US consumer prices fell slightly in August, dragged lower by tumbling gasoline prices, the government reported Wednesday ahead of a key Federal Reserve meeting on increasing interest rates.
The fresh data signalled a continued lack of inflationary pressure that would support the Fed undertaking its first rate hike in more than nine years.
The Labor Department said its consumer price index fell 0.1 percent last month, the first time CPI has pulled back in seven months.
Gasoline prices, which had risen for three months, tumbled 4.1 percent in August. Food prices rose a modest 0.2 percent for a second straight month.
Stripping out food and energy, which can be volatile, core CPI rose 0.1 percent in August, the same as in July.
The inflation picture on a 12-month basis also continued to be muted. Consumer prices were up 0.2 percent from August 2014 and core CPI rose 1.8 percent.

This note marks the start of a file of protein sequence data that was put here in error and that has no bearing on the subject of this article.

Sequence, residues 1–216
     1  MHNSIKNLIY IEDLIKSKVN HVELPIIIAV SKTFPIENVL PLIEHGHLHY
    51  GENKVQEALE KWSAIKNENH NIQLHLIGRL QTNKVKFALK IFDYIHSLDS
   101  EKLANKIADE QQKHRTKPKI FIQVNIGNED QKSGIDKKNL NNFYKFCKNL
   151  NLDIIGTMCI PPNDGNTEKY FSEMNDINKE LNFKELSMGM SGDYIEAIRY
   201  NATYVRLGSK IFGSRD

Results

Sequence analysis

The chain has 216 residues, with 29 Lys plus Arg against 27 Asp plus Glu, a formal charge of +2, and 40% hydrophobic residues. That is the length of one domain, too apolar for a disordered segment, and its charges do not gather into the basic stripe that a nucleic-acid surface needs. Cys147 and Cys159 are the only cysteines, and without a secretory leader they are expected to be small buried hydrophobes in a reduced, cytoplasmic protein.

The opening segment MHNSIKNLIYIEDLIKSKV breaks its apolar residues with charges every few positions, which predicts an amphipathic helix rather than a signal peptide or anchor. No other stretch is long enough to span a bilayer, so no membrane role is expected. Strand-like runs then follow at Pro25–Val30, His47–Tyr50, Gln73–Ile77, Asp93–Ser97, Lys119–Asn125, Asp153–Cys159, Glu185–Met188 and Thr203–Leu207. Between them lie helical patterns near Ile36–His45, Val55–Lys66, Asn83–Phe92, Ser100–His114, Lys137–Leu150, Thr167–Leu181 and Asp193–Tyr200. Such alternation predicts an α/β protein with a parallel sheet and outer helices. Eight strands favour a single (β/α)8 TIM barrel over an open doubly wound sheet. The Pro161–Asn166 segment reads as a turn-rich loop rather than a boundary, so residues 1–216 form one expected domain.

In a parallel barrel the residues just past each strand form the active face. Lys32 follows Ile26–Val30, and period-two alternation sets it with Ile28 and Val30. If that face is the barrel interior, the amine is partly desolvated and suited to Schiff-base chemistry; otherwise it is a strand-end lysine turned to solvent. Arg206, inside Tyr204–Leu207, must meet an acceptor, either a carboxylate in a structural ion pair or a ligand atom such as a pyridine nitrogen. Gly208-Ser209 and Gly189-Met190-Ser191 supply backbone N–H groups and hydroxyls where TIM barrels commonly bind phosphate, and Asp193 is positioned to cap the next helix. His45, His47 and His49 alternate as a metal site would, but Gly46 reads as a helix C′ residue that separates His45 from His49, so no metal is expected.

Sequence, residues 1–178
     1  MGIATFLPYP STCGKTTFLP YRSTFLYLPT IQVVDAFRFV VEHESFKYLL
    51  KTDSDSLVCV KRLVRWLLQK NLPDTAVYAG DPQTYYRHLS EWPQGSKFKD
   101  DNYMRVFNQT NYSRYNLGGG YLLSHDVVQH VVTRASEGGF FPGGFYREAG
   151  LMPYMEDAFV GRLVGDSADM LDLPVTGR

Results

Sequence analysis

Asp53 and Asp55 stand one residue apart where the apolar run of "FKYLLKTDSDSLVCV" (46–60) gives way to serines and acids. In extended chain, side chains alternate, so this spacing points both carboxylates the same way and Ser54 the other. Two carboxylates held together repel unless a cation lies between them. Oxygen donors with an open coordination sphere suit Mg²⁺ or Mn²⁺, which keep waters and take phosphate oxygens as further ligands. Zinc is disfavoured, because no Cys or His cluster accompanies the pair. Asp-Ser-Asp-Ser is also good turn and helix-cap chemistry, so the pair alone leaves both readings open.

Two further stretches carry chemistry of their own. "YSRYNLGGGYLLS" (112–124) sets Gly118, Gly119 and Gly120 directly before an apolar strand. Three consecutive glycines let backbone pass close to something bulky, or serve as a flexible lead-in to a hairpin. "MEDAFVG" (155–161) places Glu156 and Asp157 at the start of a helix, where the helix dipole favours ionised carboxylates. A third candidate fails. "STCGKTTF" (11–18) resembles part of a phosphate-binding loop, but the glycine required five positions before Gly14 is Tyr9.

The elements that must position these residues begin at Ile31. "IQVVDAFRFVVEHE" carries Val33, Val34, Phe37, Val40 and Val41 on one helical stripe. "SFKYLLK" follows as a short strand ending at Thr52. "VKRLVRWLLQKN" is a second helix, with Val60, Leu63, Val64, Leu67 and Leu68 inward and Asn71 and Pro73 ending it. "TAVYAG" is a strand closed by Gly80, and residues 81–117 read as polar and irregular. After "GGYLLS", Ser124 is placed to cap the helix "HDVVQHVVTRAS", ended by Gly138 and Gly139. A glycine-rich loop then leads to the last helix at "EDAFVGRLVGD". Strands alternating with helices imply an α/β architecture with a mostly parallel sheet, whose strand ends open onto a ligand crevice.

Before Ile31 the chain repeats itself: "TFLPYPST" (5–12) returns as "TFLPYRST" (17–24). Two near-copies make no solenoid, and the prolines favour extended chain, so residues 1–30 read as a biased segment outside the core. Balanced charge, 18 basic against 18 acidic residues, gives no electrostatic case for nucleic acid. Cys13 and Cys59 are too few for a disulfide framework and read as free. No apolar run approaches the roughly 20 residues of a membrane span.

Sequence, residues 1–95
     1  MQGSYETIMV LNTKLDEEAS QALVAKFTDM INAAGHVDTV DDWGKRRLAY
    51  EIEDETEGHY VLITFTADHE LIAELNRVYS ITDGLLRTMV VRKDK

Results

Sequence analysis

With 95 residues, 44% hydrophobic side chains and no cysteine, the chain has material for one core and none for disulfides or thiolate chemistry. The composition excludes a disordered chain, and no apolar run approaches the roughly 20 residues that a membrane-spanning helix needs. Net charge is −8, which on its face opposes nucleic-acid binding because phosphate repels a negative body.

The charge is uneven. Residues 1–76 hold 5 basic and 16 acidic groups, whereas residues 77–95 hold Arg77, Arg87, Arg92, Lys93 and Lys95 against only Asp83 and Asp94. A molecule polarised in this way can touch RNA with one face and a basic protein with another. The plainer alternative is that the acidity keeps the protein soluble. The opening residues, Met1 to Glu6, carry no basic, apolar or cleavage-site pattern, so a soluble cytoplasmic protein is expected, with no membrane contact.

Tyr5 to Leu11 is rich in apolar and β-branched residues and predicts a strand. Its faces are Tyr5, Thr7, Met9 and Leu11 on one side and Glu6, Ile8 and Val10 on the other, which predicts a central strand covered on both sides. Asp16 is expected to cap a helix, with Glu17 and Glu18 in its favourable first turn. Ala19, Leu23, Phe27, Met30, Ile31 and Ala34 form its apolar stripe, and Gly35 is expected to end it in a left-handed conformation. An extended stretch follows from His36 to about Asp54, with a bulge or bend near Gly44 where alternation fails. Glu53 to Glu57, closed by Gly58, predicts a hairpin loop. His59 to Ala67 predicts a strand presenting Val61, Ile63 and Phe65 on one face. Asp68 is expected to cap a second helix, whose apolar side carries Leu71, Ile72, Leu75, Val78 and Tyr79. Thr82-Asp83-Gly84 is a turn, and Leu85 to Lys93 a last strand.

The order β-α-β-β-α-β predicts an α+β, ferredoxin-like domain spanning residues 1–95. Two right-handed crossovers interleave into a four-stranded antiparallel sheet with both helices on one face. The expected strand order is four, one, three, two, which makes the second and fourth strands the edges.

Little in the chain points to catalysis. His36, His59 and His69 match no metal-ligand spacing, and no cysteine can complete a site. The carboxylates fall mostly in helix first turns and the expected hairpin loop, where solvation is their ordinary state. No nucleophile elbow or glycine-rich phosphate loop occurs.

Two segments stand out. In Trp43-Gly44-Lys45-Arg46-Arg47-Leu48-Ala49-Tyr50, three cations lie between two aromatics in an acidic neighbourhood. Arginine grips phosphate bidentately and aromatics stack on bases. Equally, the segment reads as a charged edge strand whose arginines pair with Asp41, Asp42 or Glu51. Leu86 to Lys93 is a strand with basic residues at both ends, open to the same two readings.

The tepid inflation data came as the Federal Open Market Committee, the Fed's policy arm, opens a two-day meeting Wednesday.
The Fed has signaled it wants to raise zero-level interest rates this year, but speculation is divided whether it will take that step at this week's meeting.
The central bank's target for price stability is 2.0 percent inflation over the longer term. Its preferred inflation measure, the personal consumption expenditures price index, was up just 0.3 percent in July from a year ago, and core PCE 1.2 percent.
But Fed officials have signaled they would not wait for inflation to near their target to raise the benchmark federal funds rate in the first hike in nine years.